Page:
What I learned from my dad's first commercial invention

I recently posted on why I named my blog Lucky7 - it is a tribute to my mom.

I also referenced the tribute to my father in that post.

Below is a photo of his first commercial invention - proudly on my bookshelf at Austin Ventures. This is one of my most cherished items - it is the world's first halogen fishing light. My father sold this product all over the world, and had multiple patents on it. My parents were entrepreneurs from the time I was born - lifestyle entrepreneurs (I wrote about that in my post Bootstrap or VC?). I learned a tremendous amount from them as such. My wife, Debra, was also born to lifestyle entrepreneurs. Our parents were able to spend a tremendous amount of time raising us, especially by today's standards. That really shaped us.

I remember working on the label design with my father. There were no printers back then - this was in the early 1980s. This label was handdrawn by my dad. I remember his joy in selling and shipping these all over the world. I remember his many conversations with fellow fishermen about it, and retailers. I remember his anger when competitors infringed on his patent. I saw the ups and downs (mostly ups, fortunately). He was Tim Ferriss - but the real deal. Tim Ferriss isn't even "Tim Terriss" (I'm sure that the real Tim Ferriss is one of busiest people in the world, traveling and speaking all of the time). My dad wanted the lifestyle that would afford him the time to spend with us and go fishing 2-3 days each week. He achieved that. He lived his whole life like he was "on vacation". He pursued his passion from the beginning. I did the same with Bazaarvoice and Coremetrics. And, of course, I'm still very involved with and love Bazaarvoice. And I'll never forget the incredible experience at Coremetrics either (I'm not involved there today but still have a love for it; IBM acquired it two and a half years ago).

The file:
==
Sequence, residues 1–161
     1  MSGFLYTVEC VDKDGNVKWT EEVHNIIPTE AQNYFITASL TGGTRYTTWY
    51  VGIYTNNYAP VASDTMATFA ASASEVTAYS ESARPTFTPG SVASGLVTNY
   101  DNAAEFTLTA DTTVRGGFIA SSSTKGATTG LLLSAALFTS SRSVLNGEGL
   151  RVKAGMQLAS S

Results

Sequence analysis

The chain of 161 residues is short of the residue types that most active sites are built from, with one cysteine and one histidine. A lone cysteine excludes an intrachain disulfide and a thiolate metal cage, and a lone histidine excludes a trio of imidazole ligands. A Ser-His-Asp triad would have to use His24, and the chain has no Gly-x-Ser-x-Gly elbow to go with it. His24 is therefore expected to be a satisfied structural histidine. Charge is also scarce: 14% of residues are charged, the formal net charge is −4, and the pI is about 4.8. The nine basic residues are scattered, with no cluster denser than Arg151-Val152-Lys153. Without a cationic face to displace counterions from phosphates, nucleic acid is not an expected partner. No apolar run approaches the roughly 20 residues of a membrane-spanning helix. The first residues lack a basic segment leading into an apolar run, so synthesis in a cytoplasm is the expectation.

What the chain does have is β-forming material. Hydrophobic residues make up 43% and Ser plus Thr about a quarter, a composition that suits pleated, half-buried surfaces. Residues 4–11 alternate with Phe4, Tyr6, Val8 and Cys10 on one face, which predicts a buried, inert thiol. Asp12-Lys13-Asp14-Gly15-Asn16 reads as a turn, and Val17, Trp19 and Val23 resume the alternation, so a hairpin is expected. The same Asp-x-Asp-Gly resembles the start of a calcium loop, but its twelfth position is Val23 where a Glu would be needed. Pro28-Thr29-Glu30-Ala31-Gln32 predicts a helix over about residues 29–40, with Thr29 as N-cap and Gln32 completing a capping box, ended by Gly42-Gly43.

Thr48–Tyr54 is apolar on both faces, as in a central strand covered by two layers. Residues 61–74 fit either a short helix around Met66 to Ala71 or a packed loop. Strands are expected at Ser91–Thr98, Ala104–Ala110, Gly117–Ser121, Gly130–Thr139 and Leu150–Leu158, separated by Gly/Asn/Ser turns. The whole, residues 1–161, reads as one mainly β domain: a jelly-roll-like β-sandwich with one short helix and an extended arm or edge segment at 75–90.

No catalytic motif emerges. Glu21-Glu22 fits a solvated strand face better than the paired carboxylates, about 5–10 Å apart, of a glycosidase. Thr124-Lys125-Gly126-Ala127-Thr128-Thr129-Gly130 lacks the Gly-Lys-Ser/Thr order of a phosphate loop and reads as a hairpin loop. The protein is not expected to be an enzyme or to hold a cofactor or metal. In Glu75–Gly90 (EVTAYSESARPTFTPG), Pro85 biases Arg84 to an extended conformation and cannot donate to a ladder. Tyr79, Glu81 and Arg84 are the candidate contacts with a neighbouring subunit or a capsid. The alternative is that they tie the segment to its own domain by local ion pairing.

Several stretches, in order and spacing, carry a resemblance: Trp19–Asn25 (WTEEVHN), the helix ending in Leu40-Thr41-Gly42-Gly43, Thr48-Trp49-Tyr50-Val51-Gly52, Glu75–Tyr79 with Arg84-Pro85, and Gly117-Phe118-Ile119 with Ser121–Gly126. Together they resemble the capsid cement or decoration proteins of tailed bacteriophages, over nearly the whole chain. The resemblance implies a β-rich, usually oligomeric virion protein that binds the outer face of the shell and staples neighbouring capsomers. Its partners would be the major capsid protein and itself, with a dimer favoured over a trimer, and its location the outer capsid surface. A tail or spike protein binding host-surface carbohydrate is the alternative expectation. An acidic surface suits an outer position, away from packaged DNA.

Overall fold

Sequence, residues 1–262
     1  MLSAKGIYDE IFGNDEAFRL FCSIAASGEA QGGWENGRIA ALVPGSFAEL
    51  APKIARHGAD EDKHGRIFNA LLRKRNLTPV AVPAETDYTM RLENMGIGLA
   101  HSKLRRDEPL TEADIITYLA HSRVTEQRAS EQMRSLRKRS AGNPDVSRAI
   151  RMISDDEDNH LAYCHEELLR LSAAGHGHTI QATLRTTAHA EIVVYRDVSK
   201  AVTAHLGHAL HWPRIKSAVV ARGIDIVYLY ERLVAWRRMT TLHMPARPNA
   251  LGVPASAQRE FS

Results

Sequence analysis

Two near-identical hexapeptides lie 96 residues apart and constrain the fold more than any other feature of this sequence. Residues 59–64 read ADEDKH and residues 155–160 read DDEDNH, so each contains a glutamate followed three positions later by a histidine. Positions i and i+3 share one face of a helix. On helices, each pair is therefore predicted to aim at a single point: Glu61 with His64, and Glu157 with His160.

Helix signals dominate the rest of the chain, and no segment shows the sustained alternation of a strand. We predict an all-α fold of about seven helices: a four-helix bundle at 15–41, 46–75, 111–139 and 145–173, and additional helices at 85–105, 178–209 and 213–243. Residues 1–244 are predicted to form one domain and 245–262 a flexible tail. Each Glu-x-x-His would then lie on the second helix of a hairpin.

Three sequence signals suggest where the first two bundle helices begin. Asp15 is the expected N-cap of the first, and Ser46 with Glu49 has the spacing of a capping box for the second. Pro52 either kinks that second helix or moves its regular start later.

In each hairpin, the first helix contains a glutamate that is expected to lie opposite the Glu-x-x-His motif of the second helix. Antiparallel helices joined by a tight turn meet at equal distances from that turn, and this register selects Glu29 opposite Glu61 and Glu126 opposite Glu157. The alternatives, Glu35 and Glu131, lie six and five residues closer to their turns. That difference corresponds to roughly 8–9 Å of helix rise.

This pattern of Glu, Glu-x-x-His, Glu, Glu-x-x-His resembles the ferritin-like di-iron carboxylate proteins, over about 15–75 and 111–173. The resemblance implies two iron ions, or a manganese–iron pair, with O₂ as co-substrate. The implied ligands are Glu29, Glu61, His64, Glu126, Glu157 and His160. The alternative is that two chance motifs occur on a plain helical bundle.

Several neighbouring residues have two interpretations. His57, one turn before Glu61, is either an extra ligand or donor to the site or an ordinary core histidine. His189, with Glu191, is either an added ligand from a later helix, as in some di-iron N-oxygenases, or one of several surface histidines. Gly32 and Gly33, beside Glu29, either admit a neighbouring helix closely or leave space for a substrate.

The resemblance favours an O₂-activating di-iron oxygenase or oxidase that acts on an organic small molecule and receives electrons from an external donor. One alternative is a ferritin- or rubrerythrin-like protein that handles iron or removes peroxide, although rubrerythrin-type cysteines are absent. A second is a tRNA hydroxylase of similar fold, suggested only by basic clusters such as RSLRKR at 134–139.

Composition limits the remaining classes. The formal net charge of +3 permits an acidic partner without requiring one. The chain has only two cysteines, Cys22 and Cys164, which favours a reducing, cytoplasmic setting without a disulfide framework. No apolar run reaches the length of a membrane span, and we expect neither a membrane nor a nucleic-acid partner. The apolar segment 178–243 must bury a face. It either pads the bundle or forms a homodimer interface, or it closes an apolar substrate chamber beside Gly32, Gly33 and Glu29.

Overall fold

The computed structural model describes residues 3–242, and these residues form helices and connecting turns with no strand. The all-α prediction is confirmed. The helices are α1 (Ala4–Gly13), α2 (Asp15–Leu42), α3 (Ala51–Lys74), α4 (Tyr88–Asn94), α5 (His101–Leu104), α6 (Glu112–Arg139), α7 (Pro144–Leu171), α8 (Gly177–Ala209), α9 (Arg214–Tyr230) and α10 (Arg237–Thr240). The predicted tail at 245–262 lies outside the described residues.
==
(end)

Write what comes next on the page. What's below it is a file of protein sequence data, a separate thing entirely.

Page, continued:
Over the holiday break, keep in mind how you are shaping your children. You are more responsible than anyone else - teachers, nannies, babysitters, etc. You. Yes, there is tragedy in this world. Debra and I chose not to talk to our children about the recent tragedy. Things are bound to happen with 7 billion people and a constant steam of 24/7 media, focused on breaking through the noise and garnering your attention by emphasizing the negative over the positive. I do very much care for the families that were directly affected by this tragedy. It is very sad, and there is no excuse for the completely senseless violence and loss of young life. I love how parents are visibly showing more love for their children during this time, where we are reminded of how precious life is. But there has been so much violence in this world since human beings started walking. That violence is documented in the Bible, the Torah, or whatever religious text you follow. The Dark Ages were especially brutal - with outrageous forms of torture and persecution. And let's not forget that the Holocaust just occured a little over 60 years ago. When Debra and I were in Israel, Yad Vashem, the Holocaust museum in Jerusalem, was deeply moving and the best museum we have visited of it's type. So, again, we chose not to talk to our children about it. Instead, we choose to focus on what will shape our children - to bring out the best in them. Just like my parents brought out the best in me. Thank you, Mom and Dad. Your teachings and belief in me shaped me, Debra, and our children. I love you.